New Read: Just One Damned Thing After Another

In the last week of August, as I jetted off for Rome, I decided to finally give Just One Damned Thing After Another by Jodi Taylor, the first book in the Chronicles of St Mary’s, a go – hoping for something light and fun to enjoy on the flight; and I was not to be disappointed!

It all begins, when Madeleine Maxwell (known as Maxwell) is urged, by her mentor, to apply for the seemingly innocuous role of Historian at the rather eccentric St Mary’s Institute of Historical Research. However, Maxwell is to discover this is not your usual, dull desk job, but instead an opportunity of a lifetime. St Mary’s actually has a way for the Historians to physically travel back in time to observe, document, and to try to find the answers to many of History’s unanswered questions … whilst trying not to tamper with the timeline or to die in the process, as one wrong move and History will fight back – to the death – and it is soon made clear that it’s not just History they’re fighting.

I thought it was an absolute hoot travelling with Maxwell and her fellow Historians from 11th century London to a field hospital in World War I, and from dinosaur watching in the Cretaceous Period to the destruction of the Great Library at Alexandria. But nothing is to be straightforward as wherever Historians go, chaos seems to follow! While we don’t spend a large amount of time in each period, I felt Taylor described them adequately and made them feel real and distinct for me.

I also loved the little, time travel ‘pods’ the Historians used to transport back in. They are pretty much portable offices/homes, which are well stocked with equipment, food, clothes, beds, showers and a kettle; because there is no problem that can’t be figured out over a good cup of tea! If you are a science-fiction buff, I warn you there is no real scientific explanation of how the ‘pods’ worked, however for me that was absolutely fine as scientific detail would go straight over my head – I was perfectly happy to accept they worked and to hop on board for the ride.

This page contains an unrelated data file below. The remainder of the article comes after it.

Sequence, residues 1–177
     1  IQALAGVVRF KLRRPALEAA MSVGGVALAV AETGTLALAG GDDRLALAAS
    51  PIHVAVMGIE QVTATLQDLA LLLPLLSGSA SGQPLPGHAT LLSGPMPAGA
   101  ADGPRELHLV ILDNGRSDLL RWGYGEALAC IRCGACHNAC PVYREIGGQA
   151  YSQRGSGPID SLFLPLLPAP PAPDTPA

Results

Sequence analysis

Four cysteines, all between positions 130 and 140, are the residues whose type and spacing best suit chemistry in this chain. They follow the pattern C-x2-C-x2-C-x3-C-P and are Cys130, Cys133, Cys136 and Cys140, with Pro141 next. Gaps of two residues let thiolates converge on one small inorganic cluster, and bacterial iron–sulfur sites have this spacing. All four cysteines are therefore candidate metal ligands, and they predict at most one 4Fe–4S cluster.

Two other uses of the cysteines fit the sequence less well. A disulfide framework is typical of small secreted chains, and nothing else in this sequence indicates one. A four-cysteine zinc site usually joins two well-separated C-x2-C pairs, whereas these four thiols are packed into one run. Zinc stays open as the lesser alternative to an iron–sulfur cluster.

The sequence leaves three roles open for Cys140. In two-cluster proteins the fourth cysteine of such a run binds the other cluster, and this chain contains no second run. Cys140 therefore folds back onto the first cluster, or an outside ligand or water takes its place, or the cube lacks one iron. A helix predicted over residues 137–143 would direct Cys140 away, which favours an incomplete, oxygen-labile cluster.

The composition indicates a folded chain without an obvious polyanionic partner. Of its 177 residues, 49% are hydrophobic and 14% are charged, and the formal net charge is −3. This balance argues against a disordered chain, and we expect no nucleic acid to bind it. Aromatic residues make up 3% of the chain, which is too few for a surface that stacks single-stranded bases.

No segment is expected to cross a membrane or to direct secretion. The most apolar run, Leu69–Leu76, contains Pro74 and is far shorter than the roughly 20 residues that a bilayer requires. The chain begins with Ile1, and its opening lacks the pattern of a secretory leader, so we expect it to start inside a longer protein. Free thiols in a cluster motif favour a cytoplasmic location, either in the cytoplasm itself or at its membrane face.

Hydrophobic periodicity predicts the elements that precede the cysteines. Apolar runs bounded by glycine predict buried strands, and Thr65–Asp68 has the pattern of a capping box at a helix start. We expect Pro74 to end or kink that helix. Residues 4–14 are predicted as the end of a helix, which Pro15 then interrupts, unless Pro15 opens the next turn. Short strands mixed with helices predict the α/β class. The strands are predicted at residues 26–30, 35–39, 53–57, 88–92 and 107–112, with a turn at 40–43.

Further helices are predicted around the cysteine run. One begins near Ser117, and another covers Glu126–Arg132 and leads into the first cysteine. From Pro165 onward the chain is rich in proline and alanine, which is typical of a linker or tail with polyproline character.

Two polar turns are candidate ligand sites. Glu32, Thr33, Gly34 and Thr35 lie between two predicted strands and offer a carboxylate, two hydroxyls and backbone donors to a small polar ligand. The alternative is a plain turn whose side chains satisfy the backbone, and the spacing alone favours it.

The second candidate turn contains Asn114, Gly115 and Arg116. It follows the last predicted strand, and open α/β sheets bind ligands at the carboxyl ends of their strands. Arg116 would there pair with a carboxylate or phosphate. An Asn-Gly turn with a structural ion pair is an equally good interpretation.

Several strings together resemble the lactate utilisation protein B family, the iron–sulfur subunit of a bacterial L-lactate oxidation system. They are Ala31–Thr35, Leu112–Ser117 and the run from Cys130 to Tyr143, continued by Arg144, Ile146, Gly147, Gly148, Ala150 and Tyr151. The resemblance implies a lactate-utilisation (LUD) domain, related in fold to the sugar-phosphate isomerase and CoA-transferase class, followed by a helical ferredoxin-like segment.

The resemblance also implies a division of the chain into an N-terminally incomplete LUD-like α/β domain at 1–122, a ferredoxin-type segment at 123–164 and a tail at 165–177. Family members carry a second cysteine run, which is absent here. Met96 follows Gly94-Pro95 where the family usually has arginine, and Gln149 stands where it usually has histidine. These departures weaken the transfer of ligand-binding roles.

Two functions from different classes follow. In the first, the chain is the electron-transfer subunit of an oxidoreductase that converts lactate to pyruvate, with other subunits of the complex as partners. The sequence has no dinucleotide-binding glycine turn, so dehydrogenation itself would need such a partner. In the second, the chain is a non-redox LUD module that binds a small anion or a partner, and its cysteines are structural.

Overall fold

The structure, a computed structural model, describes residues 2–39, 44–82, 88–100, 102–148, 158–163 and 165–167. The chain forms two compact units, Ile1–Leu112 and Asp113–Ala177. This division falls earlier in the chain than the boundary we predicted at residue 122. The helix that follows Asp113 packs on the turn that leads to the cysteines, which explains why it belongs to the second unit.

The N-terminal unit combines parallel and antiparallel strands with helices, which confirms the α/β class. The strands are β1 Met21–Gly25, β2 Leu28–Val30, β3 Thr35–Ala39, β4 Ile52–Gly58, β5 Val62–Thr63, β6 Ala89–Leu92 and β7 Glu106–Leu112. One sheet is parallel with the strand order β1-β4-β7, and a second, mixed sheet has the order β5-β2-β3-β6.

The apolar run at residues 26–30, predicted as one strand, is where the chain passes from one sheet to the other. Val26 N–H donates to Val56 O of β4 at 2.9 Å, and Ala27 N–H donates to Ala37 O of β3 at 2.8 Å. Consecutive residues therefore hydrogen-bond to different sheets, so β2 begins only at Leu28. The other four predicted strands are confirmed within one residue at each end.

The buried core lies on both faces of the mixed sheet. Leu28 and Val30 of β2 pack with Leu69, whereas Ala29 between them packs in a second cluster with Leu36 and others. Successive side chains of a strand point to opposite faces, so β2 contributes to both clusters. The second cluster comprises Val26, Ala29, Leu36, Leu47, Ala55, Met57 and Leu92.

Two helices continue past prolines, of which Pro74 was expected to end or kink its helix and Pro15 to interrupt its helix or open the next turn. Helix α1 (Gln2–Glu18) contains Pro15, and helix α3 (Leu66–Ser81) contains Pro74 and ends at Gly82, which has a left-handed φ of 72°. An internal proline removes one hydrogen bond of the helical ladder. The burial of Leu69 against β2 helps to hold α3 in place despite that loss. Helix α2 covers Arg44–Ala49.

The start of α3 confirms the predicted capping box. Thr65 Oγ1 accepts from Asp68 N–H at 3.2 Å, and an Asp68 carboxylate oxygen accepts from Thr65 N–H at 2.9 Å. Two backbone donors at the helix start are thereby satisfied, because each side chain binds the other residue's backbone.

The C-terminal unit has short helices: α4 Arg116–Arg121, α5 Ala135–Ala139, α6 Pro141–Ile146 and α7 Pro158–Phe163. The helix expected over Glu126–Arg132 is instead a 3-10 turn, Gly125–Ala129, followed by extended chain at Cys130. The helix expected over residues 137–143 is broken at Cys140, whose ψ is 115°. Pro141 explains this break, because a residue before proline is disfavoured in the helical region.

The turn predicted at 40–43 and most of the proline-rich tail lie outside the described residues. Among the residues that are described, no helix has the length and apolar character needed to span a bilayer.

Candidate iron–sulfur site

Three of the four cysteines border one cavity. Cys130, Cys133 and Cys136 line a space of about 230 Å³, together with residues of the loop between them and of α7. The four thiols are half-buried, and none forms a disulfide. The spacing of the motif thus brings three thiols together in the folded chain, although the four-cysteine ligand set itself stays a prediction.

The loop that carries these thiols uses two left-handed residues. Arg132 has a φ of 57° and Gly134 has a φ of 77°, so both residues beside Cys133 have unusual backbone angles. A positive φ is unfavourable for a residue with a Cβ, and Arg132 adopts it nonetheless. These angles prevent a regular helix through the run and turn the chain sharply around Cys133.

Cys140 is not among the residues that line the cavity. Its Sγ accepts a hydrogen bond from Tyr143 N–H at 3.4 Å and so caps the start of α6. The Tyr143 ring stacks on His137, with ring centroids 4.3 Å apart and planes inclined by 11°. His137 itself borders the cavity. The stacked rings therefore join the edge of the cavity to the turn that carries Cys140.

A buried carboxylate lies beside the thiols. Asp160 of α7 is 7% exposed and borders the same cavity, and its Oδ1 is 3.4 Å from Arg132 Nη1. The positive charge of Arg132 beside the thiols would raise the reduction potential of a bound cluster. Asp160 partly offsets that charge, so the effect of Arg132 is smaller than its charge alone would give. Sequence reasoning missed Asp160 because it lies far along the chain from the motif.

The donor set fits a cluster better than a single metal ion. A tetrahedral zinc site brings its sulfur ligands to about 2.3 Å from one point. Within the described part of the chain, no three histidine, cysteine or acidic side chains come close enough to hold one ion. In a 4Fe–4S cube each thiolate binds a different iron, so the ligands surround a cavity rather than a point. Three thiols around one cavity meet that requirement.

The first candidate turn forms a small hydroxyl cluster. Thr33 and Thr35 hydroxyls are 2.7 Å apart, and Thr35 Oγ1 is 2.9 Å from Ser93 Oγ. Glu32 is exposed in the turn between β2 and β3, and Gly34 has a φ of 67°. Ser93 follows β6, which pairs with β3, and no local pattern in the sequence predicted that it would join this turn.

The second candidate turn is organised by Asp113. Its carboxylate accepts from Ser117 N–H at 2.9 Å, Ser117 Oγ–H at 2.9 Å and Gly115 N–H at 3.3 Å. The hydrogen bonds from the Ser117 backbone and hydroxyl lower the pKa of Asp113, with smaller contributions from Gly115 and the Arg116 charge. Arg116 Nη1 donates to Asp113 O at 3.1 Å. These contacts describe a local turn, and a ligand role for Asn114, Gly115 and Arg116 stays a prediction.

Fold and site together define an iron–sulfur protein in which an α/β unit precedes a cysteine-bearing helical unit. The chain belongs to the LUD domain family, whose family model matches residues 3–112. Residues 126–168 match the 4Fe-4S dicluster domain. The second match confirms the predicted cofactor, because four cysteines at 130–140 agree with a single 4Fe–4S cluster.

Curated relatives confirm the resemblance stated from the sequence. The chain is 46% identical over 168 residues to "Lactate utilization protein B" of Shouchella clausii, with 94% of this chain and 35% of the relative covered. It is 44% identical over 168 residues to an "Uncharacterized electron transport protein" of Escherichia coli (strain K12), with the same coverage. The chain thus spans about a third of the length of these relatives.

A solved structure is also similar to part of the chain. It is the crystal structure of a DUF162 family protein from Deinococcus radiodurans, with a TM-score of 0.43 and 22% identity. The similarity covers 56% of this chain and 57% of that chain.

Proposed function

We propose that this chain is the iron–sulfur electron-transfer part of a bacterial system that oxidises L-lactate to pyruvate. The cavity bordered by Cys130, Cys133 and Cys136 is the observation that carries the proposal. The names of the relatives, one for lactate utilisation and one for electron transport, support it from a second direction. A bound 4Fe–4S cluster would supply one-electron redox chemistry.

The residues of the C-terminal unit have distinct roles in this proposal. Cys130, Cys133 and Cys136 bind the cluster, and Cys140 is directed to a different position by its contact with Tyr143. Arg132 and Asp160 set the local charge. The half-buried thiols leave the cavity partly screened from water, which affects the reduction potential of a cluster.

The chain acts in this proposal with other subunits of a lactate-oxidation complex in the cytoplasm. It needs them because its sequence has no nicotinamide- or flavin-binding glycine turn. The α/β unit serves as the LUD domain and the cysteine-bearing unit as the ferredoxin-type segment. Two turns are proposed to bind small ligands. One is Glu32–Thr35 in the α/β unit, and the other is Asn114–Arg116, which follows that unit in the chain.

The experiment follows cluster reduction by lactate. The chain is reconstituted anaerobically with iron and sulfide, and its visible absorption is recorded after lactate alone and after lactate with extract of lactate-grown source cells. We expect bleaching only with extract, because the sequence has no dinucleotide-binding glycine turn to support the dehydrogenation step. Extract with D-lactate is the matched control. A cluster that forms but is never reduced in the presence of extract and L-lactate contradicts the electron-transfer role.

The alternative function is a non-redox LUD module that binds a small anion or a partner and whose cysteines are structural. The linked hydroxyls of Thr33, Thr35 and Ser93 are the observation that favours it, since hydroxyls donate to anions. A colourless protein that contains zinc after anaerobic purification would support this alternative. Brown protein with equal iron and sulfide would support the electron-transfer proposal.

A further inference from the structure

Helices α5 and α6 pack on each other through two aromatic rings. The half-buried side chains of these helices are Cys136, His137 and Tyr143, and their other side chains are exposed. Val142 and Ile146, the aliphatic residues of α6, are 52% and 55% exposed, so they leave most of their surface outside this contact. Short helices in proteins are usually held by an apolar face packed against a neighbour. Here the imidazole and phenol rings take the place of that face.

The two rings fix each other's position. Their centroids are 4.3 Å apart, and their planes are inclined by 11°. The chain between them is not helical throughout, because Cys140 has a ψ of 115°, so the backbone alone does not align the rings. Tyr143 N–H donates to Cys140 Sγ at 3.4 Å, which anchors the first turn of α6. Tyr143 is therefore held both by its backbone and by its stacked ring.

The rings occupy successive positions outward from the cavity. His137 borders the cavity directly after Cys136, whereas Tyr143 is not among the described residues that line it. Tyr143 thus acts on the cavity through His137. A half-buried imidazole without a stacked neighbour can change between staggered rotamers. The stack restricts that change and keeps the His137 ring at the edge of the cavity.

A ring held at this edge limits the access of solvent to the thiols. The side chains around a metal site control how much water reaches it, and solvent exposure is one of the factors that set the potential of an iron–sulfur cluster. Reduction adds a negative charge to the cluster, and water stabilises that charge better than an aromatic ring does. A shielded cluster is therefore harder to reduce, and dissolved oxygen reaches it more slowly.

Our narrator for all this, Maxwell, is a clever, stubborn, resourceful and strong woman, who is also a chaos magnet! She is joined in her adventures by many other characters – some friends and some enemies – as St Mary’s is like one big eccentric family. Made up of not just Historians but also scientists, engineers, technicians, trainers, medical staff, librarians and kitchen staff (you can get food anytime at St Mary’s). On top of all this, there is also a love interest for Maxwell, while I generally enjoyed this relationship, I could have done with less bedroom gymnastics details.

All in all though, I thought Just One Damned Thing After Another was a fantastical, time-travelling romp and a perfect quick, easy read for my holiday. I would very happily go back to St Mary’s … actually I would like to work there, perhaps I could make the tea?! No? Oh well, maybe I will just have to read the other books instead. Good read.

Have you read this? Or any other time travel adventures?

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18 thoughts on “New Read: Just One Damned Thing After Another

  1. This sounds like loads of fun! That’s the job I’ve always dreamed of, travelling into the past – so long as I could be sure I wouldn’t get stuck there. And it comes as a relief to know people will still be drinking tea in the future – in a lot of futuristic sci-fi they seem to have given up on tea and coffee for some reason, and never eat cake!

  2. Love the idea of those pods because there is one thing I would miss seriously from ventures into the past are the hygiene facilities. I can’t go long without a shower and a flushing loo

    1. Don’t rely on those showers always working or always being in pristine condition. When Lingoss and Sykes try to hide a frightened baby mammoth in there the result is rather more than pungent.

  3. As you get further into the series you will discover that Max would welcome you with open arms to make the tea; her PA, Miss Lee, is less than forthcoming in this respect. I discovered this series over the summer when I was ill and read right through all eight novels and the short stories in between. I’m sure they hastened my recovery. Two words of warning: be prepared for moments of sheer heartbreak and don’t ever try and read the ‘funny’ bits to people who haven’t read the books – they just won’t get it. I could quote you lines from book eight that have me in stitches every time, but as you haven’t met Matthew, Bashford or Sykes yet the funny side of it just won’t be apparent. Once you know them the perfection of the scene will have you in hysterics.

    1. Café Society, I am so pleased you enjoyed this and the rest of the series – I can imagine they were wonderful to read when cooped up ill – it sounds like I definitely need to put the rest of the books on my wish list 🙂

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